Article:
Last week, the White House attempted to define its economic vision in a 58-page report titled “The Biden-Harris Economic Blueprint.” One first notices the report’s sloppiness. Five footnotes supposedly sourcing the White House data include in bold letters: “Error! Bookmark not defined.” There is also awkward repetition, such as cutting-and-pasting “the strongest and most equitable labor market recovery in modern history” in paragraph after paragraph (eventually getting excited enough to remove the word “modern,” allowing the president to also declare superiority over all ancient economic recoveries).
The most revealing aspect of the White House economic vision is what is not included: inflation or deficit reduction.
Sure, the introduction declares that “President Biden’s top economic priority is bringing down inflation and lowering costs for families,” yet none of the report’s “five core pillars” focuses primarily on combating inflation, which remains incredibly high — 8.3% in August.
In fact, the report repeatedly brags about policies that worsen inflation. This includes mandating Project Labor Agreements and Davis-Bacon prevailing wage rules (union giveaways that raise costs for federal projects), and expanding federal Buy American rules that bar federal agencies from buying cheaper imports. The White House even trumpets its mandate applying expensive Davis-Bacon regulations to semiconductor manufacturers in the CHIPS Act — contradicting the bill’s purpose to lower production costs and spur domestic semiconductor production.
The White House report also laments the rising cost of college tuition, yet also brags about steep increases in Pell grants and college student aid that (according to the Federal Reserve) leads colleges to hike tuition further to capture 60% of all student aid.
If bringing down inflation is really the president’s top economic priority, we do not see that in his policies.
Nor does the White House report express any concern over trillion-dollar budget deficits. In fact, the only mention of deficits appears in a throwaway line touting the 2022 deficit decline that was entirely driven by rising tax revenues and the pandemic spending expiring on schedule, rather than any presidential actions.
President Biden’s laws such as the American Rescue Plan, infrastructure bill, veterans’ bill, CHIPS Act, appropriations bills, and student loan bailouts have cumulatively added more than $4 trillion to 10-year deficits in just 20 months. And that is on top of soaring baseline deficits that are scheduled to push interest costs on the debt to a record 3.3% of the economy within a decade. Most of the 58-page plan boasts about all the wonderful new benefits purchased on the national credit card, and offers no plan to stem the tide of red ink.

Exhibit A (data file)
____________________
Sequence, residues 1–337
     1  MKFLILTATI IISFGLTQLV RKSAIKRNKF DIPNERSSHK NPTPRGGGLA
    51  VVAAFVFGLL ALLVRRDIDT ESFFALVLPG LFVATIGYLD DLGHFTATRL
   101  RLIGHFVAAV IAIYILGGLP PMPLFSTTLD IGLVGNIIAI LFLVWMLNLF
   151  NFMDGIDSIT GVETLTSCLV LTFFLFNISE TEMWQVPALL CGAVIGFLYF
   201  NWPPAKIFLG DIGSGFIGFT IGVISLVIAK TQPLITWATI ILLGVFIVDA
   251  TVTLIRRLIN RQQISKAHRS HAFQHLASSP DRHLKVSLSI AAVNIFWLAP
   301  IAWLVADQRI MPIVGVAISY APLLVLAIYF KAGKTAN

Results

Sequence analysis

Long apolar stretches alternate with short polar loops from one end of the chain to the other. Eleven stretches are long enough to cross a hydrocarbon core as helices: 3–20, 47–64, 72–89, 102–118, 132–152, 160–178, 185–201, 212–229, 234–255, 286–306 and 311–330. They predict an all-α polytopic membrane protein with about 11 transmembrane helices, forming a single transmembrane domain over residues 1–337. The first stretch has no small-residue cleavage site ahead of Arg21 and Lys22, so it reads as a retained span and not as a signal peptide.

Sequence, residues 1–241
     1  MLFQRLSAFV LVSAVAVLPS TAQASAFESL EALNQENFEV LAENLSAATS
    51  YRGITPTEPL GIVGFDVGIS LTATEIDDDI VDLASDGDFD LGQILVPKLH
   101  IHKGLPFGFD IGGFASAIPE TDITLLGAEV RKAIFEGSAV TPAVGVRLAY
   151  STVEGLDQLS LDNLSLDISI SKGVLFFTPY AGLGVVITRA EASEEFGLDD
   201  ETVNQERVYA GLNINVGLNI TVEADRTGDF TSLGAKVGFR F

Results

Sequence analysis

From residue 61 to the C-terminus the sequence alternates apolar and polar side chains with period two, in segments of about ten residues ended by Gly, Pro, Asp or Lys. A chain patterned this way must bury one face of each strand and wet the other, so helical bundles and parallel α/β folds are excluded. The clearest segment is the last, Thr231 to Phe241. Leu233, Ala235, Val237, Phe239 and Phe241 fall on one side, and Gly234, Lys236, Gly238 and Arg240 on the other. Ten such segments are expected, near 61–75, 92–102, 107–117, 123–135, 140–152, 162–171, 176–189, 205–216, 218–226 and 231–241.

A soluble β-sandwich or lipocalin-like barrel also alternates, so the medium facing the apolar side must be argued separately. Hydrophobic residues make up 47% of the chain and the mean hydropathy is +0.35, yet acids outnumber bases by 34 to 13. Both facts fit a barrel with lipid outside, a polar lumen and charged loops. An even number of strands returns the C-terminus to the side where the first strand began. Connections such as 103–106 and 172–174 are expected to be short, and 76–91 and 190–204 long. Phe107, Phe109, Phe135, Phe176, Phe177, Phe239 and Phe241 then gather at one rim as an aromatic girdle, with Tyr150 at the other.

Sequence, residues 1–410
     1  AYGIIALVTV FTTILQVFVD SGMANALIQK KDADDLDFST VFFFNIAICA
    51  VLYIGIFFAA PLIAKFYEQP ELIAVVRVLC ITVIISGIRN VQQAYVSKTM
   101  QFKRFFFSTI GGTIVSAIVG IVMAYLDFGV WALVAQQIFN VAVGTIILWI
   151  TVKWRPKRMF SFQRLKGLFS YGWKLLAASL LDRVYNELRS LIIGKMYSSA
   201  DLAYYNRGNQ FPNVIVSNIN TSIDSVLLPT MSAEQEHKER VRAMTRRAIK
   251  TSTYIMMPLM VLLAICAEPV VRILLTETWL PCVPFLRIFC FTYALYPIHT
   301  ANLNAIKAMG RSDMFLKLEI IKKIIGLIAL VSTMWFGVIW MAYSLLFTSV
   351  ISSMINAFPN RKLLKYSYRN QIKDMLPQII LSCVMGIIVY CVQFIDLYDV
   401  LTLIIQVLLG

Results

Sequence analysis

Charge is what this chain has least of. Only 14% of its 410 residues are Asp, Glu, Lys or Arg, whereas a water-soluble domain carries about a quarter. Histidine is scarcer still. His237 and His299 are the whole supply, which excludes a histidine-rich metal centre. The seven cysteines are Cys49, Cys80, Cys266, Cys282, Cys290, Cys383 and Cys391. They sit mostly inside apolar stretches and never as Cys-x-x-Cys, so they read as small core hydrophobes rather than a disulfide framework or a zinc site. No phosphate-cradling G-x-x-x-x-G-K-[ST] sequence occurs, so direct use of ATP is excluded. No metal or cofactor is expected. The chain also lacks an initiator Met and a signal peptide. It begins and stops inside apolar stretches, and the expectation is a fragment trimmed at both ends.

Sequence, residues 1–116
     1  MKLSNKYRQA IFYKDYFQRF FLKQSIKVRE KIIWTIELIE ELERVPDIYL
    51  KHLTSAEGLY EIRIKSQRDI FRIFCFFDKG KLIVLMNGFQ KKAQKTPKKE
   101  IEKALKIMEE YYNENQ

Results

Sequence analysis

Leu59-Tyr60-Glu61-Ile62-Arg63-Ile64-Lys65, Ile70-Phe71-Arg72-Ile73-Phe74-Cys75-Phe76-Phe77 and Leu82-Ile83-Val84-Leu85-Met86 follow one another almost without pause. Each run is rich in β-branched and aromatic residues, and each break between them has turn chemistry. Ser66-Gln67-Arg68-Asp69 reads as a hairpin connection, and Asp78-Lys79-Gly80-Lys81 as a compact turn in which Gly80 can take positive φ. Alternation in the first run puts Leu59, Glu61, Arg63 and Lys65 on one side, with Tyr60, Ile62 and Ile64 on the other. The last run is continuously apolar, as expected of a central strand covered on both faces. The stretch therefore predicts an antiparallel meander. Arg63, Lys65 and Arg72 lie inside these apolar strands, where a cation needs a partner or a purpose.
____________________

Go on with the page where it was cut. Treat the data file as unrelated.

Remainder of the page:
The White House report also repeatedly, and breathlessly, takes credit for an economic recovery that resulted overwhelmingly from the pandemic receding rather than any presidential policy. The “key accomplishment” of creating 9.7 million jobs stems mostly from the economy reopening following the pandemic. The “decline of more than $1.20 in gas prices this summer” of course fails to mention the $2.61 price rise that had occurred earlier under Biden.
In what is certainly news to Republicans, as well as America’s governors, mayors and public health officials, the report claims that “The Biden-Harris Administration also took decisive action to open America’s schools safely.”
There seem to be few positive developments in America for which the president will not demand full credit.
The report also offers lazy economic analysis that has long been refuted. This includes posting a chart claiming a substantial split between worker pay and productivity that economists on the left and right (including Lawrence Summers) have long disproven.
The report bemoans falling tax revenues, even though 2022 tax revenues are set to reach 19.6% of the economy (the second-highest level since World War II), driven by individual income tax revenues surging to a record 10.6% of the economy. Several charts attempt to show insufficient business tax revenues by including only corporate tax revenues, and ignoring the taxes paid by small businesses through the individual income tax code. The White House repeats the dubious claims that families earning under $400,000 have been spared from all new taxes, and that the $80 billion in new IRS funding will not bring more middle-class audits.
With Americans suffering under painful inflation, declining real wages and a falling stock market, the White House clearly feels pressure to justify its economic performance. They’ll have to do better than the latest spin.
Brian Riedl is a senior fellow at the Manhattan Institute. Follow him on Twitter @Brian_Riedl.